Senate Judiciary Committee members from both parties denounced a protest targeting the Maryland home of Justice Brett Kavanaugh, saying the families and homes of government officials are not fair game.
The liberal group ShutDown D.C. organized the protest Monday in response to the Supreme Court’s 5-4 ruling earlier this month, allowing Texas’s six-week abortion ban to go into effect.
More than 50 protesters walked from a Chevy Chase, Maryland park to Kavanuagh’s house chanting slogans and bearing signs such as “safe abortion is a human right” and “hey Kavanaugh resign now,” Bethesda Magazine reported.
“This protest looks like another blatant attempt to intimidate the judiciary and anyone who disagrees with the radical agenda pushed by partisan advocates,” said Ranking Member Chuck Grassley (R-Iowa).
Senate Judiciary Committee Chairman Dick Durbin (D-Ill.) and Sen. Patrick Leahy (D-Vt.) similarly criticized protests targeting public figures’ homes.
“We all know that you have to have a tough mental hide to be in this business,” Durbin said. But “it is absolutely unacceptable from my point of view to involve and major public figure’s family or their home, or to involve yourself in criminal trespass in the name of political freedom of speech.”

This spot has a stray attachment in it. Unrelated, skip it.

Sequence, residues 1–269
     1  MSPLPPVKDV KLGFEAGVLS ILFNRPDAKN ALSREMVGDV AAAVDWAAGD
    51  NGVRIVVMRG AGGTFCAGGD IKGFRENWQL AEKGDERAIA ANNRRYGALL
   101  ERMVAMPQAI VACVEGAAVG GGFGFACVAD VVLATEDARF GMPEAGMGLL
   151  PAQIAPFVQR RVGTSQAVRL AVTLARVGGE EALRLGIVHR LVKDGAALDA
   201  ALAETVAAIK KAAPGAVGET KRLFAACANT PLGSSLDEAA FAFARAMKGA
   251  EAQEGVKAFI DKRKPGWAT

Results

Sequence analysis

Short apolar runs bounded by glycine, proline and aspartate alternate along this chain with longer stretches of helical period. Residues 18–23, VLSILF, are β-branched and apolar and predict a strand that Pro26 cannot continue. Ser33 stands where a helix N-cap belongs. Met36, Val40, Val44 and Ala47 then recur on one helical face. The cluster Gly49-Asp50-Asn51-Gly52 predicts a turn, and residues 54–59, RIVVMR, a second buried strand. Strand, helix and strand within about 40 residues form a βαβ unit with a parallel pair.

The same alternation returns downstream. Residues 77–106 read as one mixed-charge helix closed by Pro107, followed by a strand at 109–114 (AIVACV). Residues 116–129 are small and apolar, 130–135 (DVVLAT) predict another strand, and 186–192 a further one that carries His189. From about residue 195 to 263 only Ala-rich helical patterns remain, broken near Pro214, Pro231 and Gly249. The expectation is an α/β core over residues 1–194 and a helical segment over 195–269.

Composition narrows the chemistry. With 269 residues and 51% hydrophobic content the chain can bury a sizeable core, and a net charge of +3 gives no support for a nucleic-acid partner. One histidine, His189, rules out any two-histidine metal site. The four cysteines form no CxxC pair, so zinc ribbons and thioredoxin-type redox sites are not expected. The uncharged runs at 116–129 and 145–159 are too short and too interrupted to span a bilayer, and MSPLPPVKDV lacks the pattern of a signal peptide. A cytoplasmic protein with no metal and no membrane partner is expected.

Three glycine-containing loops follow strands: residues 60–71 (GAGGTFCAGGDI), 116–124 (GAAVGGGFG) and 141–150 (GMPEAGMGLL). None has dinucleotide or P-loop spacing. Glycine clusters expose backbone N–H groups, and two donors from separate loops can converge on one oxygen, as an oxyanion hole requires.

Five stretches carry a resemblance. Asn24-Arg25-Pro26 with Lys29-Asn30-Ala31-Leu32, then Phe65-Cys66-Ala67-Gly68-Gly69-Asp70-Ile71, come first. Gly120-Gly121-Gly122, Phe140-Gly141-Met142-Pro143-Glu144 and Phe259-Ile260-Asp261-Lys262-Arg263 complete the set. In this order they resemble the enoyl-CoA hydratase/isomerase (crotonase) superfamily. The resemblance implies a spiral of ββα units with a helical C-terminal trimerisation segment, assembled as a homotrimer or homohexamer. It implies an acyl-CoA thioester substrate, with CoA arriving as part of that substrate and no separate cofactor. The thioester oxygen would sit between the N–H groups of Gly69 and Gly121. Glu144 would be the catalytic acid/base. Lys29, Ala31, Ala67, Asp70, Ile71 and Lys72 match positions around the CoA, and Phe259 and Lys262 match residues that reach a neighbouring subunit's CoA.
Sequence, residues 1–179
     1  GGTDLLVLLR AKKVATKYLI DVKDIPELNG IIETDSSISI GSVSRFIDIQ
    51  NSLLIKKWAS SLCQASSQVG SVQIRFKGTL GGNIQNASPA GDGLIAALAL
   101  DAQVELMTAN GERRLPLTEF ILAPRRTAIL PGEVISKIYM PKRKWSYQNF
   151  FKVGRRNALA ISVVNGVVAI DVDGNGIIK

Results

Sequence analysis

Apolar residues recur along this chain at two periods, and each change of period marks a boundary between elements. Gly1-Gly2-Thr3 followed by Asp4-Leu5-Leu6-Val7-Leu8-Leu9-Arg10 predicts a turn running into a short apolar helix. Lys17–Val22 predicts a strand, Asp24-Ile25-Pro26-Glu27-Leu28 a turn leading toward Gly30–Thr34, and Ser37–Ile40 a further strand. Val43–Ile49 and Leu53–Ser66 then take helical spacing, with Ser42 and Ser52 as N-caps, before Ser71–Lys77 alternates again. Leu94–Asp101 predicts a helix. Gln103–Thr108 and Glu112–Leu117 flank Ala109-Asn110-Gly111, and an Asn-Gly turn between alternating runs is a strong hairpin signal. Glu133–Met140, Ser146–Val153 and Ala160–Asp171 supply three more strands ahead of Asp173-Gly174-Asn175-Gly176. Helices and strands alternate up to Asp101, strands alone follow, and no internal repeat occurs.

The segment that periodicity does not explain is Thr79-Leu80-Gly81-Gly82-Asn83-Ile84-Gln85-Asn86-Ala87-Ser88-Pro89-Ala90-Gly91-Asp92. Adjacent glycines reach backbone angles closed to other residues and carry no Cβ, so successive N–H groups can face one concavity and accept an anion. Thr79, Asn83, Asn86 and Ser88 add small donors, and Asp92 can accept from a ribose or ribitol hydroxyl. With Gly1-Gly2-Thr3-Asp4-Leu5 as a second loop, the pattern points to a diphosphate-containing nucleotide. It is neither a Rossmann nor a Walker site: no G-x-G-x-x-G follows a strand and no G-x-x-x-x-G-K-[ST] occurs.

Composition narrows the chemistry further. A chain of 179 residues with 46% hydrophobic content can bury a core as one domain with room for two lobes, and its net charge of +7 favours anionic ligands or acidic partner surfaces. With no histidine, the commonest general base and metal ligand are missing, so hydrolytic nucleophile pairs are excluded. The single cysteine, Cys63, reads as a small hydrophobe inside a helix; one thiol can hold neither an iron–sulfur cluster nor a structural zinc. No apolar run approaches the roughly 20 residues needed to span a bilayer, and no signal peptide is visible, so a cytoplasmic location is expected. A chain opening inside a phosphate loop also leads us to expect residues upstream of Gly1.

“There are proper venues to express yourself and I don’t believe a person’s home or their family should be fair game in this business,” he added.
On the eve of the Jan. 6 attack on the U.S. Capitol, ShutDown D.C. organized a similar protest in front of the Washington home of Sen. Josh Hawley (R-Mo.). Grassley noted that a member of the group faced criminal charges related to the Hawley protest.
“When it comes to criminal trespass, we got a belly full of that on January 6th,” Durbin said. “I don’t care whether you’re right or left, that is unacceptable as far as I’m concerned in expressing your political feelings.”
The comments came at the start of a confirmation hearings for nominees to the U.S. Courts of Appeal for the Second and Ninth Circuit, as well as the so-called “Tenth Justice"—the U.S. Solicitor General.
- With assistance from Madison Alder